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10 Tips When Driving Abroad

April 18, 2017

10 Tips When Driving AbroadDriving in a foreign country on unfamiliar roads can take your breath away in more ways than one; not only because of the scenery around you but because of the roads ahead of you. If you’re planning on taking to the road on your next vacation, these 10 tips will help ensure a safe, stress-free journey.

1. Make sure you’ve got what it takes to drive legally

Depending on where you go, your driver’s licence may not be automatically accepted as a permit to drive. If travelling overseas, you’ll likely need to pair it with an International Driving Permit (IDP). An IDP is a special driver’s licence that allows licensed motorists to drive in other countries. It is proof that you possess a valid driver’s licence in Canada and includes a multilingual translation of your licence’s details. To find out if you need an IDP, visit the Government of Canada’s Travel Advice and Advisories for your destination’s requirements.

2. Familiarize yourself, in advance, of road rules and conditions

What side of the road will you be driving on? How do you navigate a roundabout? What are the local speed limits? If you’re going abroad and plan to drive, do your research before getting behind the wheel; it will make for less confusion and a safer ride.

3. Rent a vehicle you’re comfortable driving

Travelling abroad is not the time to learn how to drive a vehicle with a manual transmission; you’ll be busy enough navigating unfamiliar territory. If you’re not comfortable driving a car with a manual transmission, spend the extra money (because there’s often a surcharge) for an automatic vehicle.

4. Choose the smallest vehicle that will meet your needs

Bigger is not better, especially if you’ll be driving narrow, winding, congested or unfamiliar roads. Rent the smallest vehicle that will still meet your passenger and luggage needs as smaller vehicles are usually easier to park, drive and manoeuvre.

5. Make sure you’re covered

No matter where you are, you should make sure that you have the car insurance coverage you’ll need. Typically, if you have rental car coverage on your personal auto insurance policy, it is only valid on rentals in Canada or the United States. So when renting a car abroad, you may have to explore other options. Your credit card for example, may offer some coverage. Alternatively, you may have to purchase coverage from the car rental company. The cost for this coverage can add up quickly, so make sure you check to see what’s available through your credit card first before signing up.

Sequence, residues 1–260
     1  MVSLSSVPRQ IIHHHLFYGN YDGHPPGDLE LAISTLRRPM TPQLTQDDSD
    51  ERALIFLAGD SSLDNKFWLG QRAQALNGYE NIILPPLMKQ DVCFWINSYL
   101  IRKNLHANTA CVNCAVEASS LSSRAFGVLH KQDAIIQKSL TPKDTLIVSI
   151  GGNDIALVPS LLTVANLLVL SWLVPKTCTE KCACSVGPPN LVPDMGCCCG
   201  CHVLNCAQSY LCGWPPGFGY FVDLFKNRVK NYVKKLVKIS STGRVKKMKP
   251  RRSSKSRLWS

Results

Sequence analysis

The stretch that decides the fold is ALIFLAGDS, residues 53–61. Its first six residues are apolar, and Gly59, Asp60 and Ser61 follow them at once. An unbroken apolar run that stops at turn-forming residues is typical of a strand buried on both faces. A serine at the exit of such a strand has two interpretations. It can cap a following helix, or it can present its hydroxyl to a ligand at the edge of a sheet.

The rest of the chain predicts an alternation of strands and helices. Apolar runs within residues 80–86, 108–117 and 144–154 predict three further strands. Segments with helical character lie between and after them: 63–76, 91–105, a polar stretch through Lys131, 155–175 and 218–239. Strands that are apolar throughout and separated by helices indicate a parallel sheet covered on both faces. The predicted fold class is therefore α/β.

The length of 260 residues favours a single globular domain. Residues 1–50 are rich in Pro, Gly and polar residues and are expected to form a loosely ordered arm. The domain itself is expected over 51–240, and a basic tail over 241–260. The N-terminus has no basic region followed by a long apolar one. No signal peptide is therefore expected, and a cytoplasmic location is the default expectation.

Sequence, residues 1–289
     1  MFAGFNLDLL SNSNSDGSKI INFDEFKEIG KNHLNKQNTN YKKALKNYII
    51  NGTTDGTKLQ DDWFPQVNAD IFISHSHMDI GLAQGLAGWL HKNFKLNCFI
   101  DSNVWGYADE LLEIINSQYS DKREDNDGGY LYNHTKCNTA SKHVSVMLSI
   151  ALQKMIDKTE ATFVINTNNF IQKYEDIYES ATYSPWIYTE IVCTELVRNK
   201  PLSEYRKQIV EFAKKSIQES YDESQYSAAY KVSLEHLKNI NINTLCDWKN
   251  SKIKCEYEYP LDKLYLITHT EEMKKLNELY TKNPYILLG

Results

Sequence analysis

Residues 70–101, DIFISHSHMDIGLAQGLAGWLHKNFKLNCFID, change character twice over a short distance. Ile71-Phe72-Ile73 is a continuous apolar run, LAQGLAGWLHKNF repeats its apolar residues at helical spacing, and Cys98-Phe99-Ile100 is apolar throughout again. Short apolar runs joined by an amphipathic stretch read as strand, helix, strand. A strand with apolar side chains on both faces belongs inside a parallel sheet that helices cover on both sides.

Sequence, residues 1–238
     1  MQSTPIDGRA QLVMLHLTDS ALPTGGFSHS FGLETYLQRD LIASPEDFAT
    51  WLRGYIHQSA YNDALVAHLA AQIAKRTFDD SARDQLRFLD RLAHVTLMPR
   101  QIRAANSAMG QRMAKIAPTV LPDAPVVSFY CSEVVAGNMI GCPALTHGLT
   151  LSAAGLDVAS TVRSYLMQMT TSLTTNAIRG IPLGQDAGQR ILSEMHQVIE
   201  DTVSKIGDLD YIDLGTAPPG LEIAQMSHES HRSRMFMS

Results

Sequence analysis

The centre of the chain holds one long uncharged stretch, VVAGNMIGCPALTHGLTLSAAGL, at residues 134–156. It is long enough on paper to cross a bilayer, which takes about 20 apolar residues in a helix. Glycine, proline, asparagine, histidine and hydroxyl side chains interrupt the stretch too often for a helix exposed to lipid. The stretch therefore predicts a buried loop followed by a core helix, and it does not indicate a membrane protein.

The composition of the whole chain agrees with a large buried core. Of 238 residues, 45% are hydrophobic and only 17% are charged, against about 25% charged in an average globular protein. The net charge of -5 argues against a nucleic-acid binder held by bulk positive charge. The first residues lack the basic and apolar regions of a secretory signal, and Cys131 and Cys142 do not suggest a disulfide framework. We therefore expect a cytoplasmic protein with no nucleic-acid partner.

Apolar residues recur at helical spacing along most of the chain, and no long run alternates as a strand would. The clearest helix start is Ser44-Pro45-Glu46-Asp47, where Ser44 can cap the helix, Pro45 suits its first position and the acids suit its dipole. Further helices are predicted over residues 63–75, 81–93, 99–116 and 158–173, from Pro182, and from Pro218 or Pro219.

6. Use a GPS as well as traditional maps

A GPS and a good ol’ fashioned paper map, can help keep you on track. Use both to cross-reference that you’re going the right way! Most car rental companies offer a GPS add-on to your rental, or you can bring your own with the maps pre-loaded. Avoid using your smartphone’s GPS though, as roaming charges can be expensive. Also, let your passengers navigate so you can focus on driving.

7. Have local change and currency on hand for tolls

Toll roads, tunnels and bridges are common abroad; make sure you have a variety of cash on hand so that you’re not left scrambling on the road for loose change.

8. Don’t drink and drive

This is a no brainer, whether at home or abroad. Play it safe because many countries have a much lower legal limit than Canada. Some countries even have a zero-tolerance policy; for example, the Czech Republic, Bulgaria, Hungary, Romania, and Slovakia.

9. Don’t drive distracted

Laws against distracted driving are not a North American phenomenon; most countries in Europe and elsewhere ban the use of hand-held mobile phones while driving.

10. Avoid driving in city centres

Public transportation, especially in many European cities, is exceptional; you can get to anywhere you want to go in no time. In places where the streets are narrow and heavily congested, it may be the preferred way to go. Leave the car for times when you want to explore areas where public transportation is unavailable or unreliable.

On the road and on holiday

Driving at home is tricky enough, and it’s even more of a challenge in unfamiliar territory. With a little advance preparation, however, you’ll feel more confident behind the wheel giving you the chance to enjoy your time away.